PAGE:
Unless your current Intel cpu is a real potato I'm not sure how much closer you'll get to maxing out your monitor's refresh rate with a 5900x at 1440p. You didn't mention what CPU you'd be upgrading from. It could be a little, it could be more than a little. Just depends on how well your current CPU is able to drive that 2080ti.

If your current rig is holding up fine you might consider making the jump a couple of months from now when the 3D VCache versions of the 5900x and 5950x are released. If you're unfamiliar with this term, it's a technology AMD has announced that will see an additional 64mb L3 cache die mounted directly to each of the two core chiplets of the 5950 and 5950 processors that will bring their total L3 cache available from 64mb to 192mb. This should give a fairly sizeable boost to games that are sensitive to memory speed (which is probably most of them).

Of course, "future proof" in PCs doesn't really exist. Whatever you buy today in order to both have the best and be "future proof" will be dashed the following year, when what you have is still great but no longer the best. If you don't need to have the best but merely good enough, then future proofing by buying high end now at least extends the timeline into the future where your stuff is at least still good enough.

All that said, if you're really just feeling the itch to upgrade I totally understand it and won't criticize. I did the same earlier this year. We're close enough now, though, to the 3D VCache models being released that I would advise some patience. I believe it will be handsomely rewarded.

8 : Anonymous2021/11/23 21:11 ID: hltfp8m

Had a 3900X and moved to 5900X bit over a month ago. Had no issues and using a Noctua D15. CPU runs great, pretty cool and I am happy with it. Ofc I am not running benchmarks all day along, just doing my day to day stuff, playing games, compiling software etc both on Windows and Linux.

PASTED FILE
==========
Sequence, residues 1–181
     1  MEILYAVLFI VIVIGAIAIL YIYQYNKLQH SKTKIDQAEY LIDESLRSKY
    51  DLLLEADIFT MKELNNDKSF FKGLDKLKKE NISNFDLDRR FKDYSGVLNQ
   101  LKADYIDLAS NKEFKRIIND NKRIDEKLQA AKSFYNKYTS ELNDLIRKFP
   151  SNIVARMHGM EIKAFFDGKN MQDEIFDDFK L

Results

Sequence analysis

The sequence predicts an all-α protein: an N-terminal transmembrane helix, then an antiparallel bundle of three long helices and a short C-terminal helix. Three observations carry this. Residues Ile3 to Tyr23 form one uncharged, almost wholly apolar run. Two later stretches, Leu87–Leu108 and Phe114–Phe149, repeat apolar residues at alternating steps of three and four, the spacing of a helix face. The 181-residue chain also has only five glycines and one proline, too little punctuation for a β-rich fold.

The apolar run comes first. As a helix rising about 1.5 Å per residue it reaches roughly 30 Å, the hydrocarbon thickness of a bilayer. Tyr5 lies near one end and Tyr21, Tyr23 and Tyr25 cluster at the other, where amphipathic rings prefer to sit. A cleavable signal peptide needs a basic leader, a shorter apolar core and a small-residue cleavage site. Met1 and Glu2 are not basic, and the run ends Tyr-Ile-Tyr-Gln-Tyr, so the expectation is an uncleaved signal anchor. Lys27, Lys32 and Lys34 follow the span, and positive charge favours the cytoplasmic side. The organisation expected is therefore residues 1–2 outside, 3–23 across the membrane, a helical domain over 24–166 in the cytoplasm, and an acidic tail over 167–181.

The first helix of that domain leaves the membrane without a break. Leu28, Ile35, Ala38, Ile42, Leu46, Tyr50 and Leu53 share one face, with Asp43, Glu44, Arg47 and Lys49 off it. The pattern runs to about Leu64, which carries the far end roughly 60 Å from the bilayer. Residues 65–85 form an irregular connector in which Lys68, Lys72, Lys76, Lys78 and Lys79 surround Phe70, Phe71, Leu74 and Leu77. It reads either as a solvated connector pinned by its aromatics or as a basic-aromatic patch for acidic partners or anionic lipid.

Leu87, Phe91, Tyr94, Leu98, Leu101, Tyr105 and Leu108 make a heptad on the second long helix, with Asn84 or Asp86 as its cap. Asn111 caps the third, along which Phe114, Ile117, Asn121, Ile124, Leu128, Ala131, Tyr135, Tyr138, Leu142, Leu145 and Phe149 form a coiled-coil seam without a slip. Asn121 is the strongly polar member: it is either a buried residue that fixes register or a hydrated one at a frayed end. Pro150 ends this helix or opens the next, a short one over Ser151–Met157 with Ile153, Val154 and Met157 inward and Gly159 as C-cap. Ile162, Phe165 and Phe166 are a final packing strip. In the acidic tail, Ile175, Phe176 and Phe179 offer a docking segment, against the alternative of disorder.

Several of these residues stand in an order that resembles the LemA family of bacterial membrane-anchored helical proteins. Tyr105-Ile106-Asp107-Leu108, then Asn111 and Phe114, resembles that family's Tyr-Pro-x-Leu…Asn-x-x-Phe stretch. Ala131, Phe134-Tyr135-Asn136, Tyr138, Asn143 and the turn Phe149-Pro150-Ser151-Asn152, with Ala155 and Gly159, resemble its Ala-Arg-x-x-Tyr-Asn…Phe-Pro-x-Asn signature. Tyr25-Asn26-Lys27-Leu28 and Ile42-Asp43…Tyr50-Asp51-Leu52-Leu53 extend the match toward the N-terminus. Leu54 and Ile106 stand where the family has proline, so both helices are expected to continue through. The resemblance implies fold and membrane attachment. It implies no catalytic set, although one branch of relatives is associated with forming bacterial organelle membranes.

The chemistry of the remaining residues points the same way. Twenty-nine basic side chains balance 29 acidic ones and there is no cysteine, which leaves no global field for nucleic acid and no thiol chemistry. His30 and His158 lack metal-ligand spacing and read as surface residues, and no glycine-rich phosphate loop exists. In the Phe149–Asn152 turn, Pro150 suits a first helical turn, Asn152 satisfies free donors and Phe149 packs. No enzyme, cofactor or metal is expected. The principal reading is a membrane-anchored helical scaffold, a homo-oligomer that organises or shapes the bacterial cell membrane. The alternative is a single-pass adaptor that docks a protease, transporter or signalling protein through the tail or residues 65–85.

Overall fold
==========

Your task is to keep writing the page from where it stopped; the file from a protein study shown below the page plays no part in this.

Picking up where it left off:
9 : Anonymous2021/11/23 21:24 ID: hlthq0n

I upgraded from a 3600 to a 5900x and have been having some crashes using the same motherboard. I think my problem was the 5900x didn't like my ram running xmp at 3600mhz like it was with the 3600. I have turned it down to 3400mhz and since then no more blue screens. I read that some 5900x don't like to run up to 3600 but it should be good up to 3200mhz for sure so if you do have any problems try tuning it down to 3200mhz and see if that fixes it. Most people say the difference between 3200 and 3600 is very minor so don't worry about losing a lot of performance. I didn't when I turned it down and it has the added benefit of no more blue screens 🙂

10 : Anonymous2021/11/23 22:24 ID: hltqmje

I just built my first AMD system for 15 years this July and it's been rock solid. I'm running a 5600x on a B550 board (Asus B550-F Wifi). I haven't experienced any USB issues or crashing issues. I used the PC every day all day for remote work, and game a bunch on it as well. My build is here if you'd like to check it out

11 : Anonymous2021/11/23 20:43 ID: hltbg42

TDP of beQuiet is 250W, TDP of 5900X is 105W. So you are safe on this one.